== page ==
Nigel Christopher Ransome Williams (1949-1955)

Died on 27th August 2019, aged 82

Nigel Williams was born in 1937 and came up to St John's in 1957 to read Literae Humaniores. He died on 27 August 2019. We are grateful to Professor Sir Brian Harrison for this appreciation.

Born in 1937, Nigel grew up in a cultivated family with his younger brother Hugh. His father, a solicitor with wide interests, was Town Clerk of Rickmansworth and his mother sang at concerts under her stage-name, Corinne Belden. In middle life Nigel dropped 'Ransome' from his surname; it was the maiden name of his paternal grandmother, and his father had incorporated it into his surname only from administrative convenience. At Merchant Taylors' School, Northwood, Nigel excelled in classical studies, developed strong musical interests, and at local concerts usually brought the score with him. Our lifelong friendship grew out of a shared, and still to my mind rational, distaste for compulsory rugby football on cold winter Saturday afternoons; Nigel's precocious diplomatic skills were honed on the enviable ingenuity of his excuses for evading it. After national service as a second lieutenant with the Royal Signals (1955-57) in West Germany, he studied Mods and Greats at St John's (1957- 61), winning all three key university classics prizes: Craven, Hertford and Ireland. Twice during Greats translation papers, fellow examinees were astonished to see him leaving the room well before the allotted time. His double first enhanced his lifelong love of the classics, and whenever in Oxford he visited Donald Russell, who placed him among the top three or four of his St John's pupils.

The Foreign Service, then the great career, led Nigel to learn Japanese and took him to prominent posts in New York, Tokyo, and Bonn before he became British ambassador to Denmark (1989-93) and UK permanent representative to the United Nations at Geneva (1993-97). Authoritative and decisive in an emergency, lucid in drafting, liked and respected by colleagues, he really cared about outcomes, and was appointed CMG in 1985. His short Who's Who entry omitted his recreations (music and travel). After preparing carefully for his numerous travels worldwide, sensibly contracting his range with age, he stored up his experiences in photo albums, and responded generously to requests for touristic advice. He retired to Blakeney, where he gardened, welcomed guests and exhaustively explored Norfolk churches.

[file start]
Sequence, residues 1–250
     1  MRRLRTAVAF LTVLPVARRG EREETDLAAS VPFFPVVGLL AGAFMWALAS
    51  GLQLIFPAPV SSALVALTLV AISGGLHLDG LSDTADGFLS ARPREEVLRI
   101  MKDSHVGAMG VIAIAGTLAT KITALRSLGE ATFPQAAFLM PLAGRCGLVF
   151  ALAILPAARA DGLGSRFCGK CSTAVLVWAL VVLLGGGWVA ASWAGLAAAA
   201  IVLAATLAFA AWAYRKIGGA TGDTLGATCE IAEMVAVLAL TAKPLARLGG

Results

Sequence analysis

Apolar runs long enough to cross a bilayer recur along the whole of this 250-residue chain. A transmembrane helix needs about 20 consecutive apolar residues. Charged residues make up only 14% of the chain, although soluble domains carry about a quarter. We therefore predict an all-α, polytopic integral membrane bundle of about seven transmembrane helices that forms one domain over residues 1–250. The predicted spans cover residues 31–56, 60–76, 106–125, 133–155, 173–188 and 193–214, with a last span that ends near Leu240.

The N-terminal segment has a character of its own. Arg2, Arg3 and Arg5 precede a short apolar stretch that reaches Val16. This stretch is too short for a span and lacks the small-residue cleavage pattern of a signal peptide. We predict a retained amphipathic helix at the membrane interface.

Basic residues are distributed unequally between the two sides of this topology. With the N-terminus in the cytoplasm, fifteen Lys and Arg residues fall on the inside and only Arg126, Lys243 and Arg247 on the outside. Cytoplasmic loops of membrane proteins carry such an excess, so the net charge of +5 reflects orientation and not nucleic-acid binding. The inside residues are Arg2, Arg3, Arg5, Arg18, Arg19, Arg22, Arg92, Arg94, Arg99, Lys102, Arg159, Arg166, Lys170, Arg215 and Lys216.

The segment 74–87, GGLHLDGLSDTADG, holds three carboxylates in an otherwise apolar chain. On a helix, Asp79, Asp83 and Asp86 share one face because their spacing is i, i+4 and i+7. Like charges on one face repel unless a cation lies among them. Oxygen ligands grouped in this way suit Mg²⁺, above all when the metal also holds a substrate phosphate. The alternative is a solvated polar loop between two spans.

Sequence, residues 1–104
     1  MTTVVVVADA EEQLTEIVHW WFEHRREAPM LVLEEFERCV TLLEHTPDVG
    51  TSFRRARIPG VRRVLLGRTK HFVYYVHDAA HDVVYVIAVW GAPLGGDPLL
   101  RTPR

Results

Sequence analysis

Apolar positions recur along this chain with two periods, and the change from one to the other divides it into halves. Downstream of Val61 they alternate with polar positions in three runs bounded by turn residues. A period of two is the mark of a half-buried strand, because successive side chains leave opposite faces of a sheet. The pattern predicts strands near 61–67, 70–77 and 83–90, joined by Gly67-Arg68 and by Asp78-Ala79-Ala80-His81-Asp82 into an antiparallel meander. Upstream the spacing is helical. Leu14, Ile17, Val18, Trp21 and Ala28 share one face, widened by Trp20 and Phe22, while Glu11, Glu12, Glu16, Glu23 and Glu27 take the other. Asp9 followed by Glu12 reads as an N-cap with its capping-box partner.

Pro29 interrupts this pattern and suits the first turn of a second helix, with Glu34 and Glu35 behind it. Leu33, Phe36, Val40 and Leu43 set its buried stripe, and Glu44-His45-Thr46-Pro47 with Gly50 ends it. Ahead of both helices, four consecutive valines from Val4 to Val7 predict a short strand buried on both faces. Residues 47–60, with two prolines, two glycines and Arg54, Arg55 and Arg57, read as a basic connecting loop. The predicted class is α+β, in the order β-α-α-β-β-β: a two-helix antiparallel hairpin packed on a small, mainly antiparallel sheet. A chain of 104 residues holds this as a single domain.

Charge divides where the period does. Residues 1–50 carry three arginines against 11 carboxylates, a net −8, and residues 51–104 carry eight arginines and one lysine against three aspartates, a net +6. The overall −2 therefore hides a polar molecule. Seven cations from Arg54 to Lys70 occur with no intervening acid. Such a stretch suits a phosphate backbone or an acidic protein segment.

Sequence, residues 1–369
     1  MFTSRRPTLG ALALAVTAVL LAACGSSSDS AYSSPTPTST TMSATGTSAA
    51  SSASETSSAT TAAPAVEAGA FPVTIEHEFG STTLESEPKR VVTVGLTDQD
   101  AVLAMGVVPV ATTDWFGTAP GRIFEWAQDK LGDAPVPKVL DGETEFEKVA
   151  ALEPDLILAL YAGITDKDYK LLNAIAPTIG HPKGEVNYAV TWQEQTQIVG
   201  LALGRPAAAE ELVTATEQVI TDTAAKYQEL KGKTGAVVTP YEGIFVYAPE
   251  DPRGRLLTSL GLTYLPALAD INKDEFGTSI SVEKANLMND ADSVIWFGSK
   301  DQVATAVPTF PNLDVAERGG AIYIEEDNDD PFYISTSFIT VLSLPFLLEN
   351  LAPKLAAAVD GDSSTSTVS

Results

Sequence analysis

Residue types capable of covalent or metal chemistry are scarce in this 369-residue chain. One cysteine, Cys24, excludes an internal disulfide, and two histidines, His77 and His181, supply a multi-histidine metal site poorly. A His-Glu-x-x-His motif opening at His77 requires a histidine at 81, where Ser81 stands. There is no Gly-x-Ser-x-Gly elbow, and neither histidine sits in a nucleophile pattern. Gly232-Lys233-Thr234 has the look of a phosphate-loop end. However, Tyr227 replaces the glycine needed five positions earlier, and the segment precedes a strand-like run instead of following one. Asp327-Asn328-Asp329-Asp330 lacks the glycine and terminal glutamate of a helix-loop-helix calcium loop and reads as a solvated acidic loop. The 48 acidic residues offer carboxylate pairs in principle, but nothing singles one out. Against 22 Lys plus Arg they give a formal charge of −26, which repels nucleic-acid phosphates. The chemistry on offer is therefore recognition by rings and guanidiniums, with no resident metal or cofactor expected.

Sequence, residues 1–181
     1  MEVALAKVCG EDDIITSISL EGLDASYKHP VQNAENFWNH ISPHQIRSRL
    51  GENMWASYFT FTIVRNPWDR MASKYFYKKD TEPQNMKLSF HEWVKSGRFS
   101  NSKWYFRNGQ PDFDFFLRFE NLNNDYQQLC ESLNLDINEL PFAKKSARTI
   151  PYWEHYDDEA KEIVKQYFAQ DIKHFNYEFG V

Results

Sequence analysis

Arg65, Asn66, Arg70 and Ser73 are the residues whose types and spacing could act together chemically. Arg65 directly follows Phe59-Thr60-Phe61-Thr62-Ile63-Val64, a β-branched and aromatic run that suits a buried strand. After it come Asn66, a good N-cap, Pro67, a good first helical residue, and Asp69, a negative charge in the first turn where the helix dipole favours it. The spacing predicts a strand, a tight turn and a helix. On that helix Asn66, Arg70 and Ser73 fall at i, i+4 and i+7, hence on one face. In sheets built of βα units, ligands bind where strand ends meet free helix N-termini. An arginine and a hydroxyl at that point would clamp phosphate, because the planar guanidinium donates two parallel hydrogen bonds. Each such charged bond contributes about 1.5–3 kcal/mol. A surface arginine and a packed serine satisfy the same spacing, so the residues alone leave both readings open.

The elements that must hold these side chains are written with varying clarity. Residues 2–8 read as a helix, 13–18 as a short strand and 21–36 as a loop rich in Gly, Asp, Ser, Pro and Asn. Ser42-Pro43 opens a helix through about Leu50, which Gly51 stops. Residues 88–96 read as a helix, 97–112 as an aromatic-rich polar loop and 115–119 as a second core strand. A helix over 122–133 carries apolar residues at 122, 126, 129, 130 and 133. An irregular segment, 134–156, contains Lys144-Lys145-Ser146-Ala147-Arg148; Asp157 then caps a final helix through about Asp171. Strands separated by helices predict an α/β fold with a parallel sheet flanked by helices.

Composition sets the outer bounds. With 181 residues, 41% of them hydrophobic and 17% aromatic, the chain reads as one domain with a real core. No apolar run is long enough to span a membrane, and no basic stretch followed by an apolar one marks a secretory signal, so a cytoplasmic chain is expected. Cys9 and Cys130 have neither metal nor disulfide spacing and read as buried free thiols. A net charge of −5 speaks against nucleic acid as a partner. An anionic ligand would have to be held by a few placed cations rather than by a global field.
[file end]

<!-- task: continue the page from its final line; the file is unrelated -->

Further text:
Nigel's unusual combination of qualities intrigued many people. His measured conversation and rational outlook did not preclude maverick outbursts of whimsical fantasy. His sudden, brief and seemingly incongruous conversion to Moral Rearmament in 1960 led to a sudden de-conversion in the College garden which in later years he often recalled; thereafter he quietly but forensically criticised religion of any kind. Though a generous and resourceful host, he was a laconic correspondent, and kept his friends in separate compartments, assiduously catching up with them in periodic 'progresses' round the UK, bearing gifts to his many godchildren. He was reticent and quietly spoken, quieter still in later life, and - in Denmark as in Japan - his linguistic perfectionism limited the range of his overseas sociability. Music was for him a lifelong passion: he was an early enthusiast for Mahler, later supplanted by Wagner. His capacious memory enabled him to recall in detail and at will the plots of little-known operas, and he would have gone to Bogota or Timbuktu to experience an abstruse Monteverdi performance. When ambassador in Copenhagen he befriended and assisted young professional musicians, and eventually moved there, where he lived unobtrusively. Leaving precise instructions on funeral arrangements, he died alone of an embolism in his flat on 27 August 2019, with only one English friend at his funeral, about which the others learned only later.

Professor Sir Brian Harrison (1950-1956)


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